The Delta Bike Project supplies the community of Mobile, Alabama, with transportation, recreation, and simple work opportunities.
Do you ever feel exhausted or alone or confused so badly that the answers you normally feed yourself about life and meaning lose their efficacy? Do you ever feel really, really small? Not just with respect to the whole world, but as a person in your city or town.
"It looks like I'm kind of a hellraiser and shit, but they think I'm an angel."
"Music is a shared form of art. It's one thing to play a song and enjoy it, but it's a whole other thing when you perform in front of an audience."
When I asked how he was gonna get there, seeing as the buses don’t run that early, he explained that he’d catch the train up that night, bum around the city, and report to work in the morning.
"I have no address, no bills, no power, no gas, no rent. I don’t have a care in the fucking world."
Lora is a Native American (Navajo) who sells jewelry roadside in central Utah. She was born on a reservation in Arizona, but made her way north years ago. She once had a small shop in St. George, Utah, but now strictly sales her wares at scenic rest stops along I-70. It’s how she supports her family.
"That’s been a huge awakening for me: I am who I am. And whatever God is, he's not mad at me."
“It was like this force of nature. I often worried that I’d run out of inventory, but I didn’t even have to go look for bikes. I always got resupplied. People would show up on my doorstep with a truckload of old bikes, ask me if I was the guy that bought them, and I’d figure out a way to improve and sell them. They just kept coming.”
When Mama Peaches told the police she had been raped by the man who employed her, she wasn't transported to the regional hospital for a rape kit as you'd expect.
“I got cancer in my leg when I was 16, but the doctors were able to save me and keep it from spreading."
A few years ago, a tree nearly took Glenn out. Cracked his head, shattered his left arm. But he's still going.
I went to Burning Man to make a cultural study, to find and contribute to an engaging community, to make art, and to party my ass off. But I'm not sure I'll do it again.
Not everyone who lives on the streets is derelict, addicted, or unstable. Some of them we might even learn from. That's what I aim to do.
Meditation has inspired me to "let go." But how can I engage the good fight if I give in?
If you could sum up your life philosophy in two sentence or less, what would it be?
Mark began pedaling three years ago after his wife died. Nothing made sense after her death, he said, so he walked down his front porch steps, straddled his bike, and left everything. He's crossed Texas, Nebraska, and most of the western states at least a couple times since then. A real Forrest Gump.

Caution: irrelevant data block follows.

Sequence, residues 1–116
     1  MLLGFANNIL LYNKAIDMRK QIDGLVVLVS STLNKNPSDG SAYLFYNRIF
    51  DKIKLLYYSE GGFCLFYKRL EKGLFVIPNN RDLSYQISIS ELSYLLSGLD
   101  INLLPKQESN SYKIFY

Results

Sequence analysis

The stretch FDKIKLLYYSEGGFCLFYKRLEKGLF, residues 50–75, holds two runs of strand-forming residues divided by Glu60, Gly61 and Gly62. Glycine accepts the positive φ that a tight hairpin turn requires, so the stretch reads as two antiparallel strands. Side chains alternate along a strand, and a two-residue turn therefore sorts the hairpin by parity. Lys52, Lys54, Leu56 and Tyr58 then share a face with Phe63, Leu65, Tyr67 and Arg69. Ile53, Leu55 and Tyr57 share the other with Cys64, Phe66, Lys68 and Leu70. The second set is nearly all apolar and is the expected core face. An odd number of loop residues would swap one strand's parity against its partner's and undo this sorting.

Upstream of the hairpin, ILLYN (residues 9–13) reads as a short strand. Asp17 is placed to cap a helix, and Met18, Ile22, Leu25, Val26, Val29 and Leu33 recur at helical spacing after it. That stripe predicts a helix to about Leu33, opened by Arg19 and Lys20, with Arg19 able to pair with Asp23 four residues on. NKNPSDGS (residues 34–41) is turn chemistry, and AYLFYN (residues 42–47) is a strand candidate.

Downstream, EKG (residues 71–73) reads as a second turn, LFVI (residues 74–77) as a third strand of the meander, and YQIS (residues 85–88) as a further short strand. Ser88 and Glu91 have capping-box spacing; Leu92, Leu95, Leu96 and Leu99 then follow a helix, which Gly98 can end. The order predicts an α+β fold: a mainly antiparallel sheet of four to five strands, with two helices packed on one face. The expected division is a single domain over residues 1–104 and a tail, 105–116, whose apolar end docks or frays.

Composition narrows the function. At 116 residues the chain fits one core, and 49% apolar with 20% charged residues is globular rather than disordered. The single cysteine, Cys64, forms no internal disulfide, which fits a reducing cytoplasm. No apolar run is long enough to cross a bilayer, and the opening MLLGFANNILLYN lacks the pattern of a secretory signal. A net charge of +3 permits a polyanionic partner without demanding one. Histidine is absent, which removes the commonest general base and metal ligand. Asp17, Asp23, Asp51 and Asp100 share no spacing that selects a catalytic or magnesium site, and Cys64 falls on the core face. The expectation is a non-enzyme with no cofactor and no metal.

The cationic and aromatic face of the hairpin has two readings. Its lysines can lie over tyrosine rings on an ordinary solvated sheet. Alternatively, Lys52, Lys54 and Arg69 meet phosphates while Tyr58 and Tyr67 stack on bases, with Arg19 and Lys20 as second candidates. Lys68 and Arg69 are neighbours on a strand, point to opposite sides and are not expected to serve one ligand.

Adulthood is often marked by a zombie-like dance between meaningless work and just as meaningless entertainment. But youth is alive. That's why we must fight to stay young.
Nearly every artist dreams of being well-known. But holding onto this dream makes creative work a nightmare. To recoup the dividends of art, we must move beyond desires for fame and fortune.
A 20-year-old vagabond, misfit, poet and artist stamps his soul on letters sent home before disappearing forever.
The changing leaves remind me that the process of dying is strangely beautiful.
There is one thing that causes me more internal conflict than anything else: the desire to be liked.
If Plato were alive today, he might be a hipster. He’d have the beard, for sure; he’d challenge ideas coming from institutions and people in authority; and he’d likely embrace a life of minimalism.
Adventurers are unique in one way. They derive pleasure from the very antithesis of pleasure: struggle. Is this bravery, or just foolishness?
Teresa Bird is a 25-year-old native of Minneapolis who’s staying true to her name, and flying. She’s handcrafting pies and sharing them from a 1969 Volkswagen bus while traveling the country. And in the process, she’s helping others discover their wings.
Recently I invited you to share your thoughts on courage and vulnerability. I asked you to write whatever came to mind, and email it to me. Here are your stories.
The real subject of a good photograph is light.
The moments we want to catch are rare not only because the event is rare, but because the event in combination with the right lighting is. In fact, the thing we look for, the thing we're chasing, is light.
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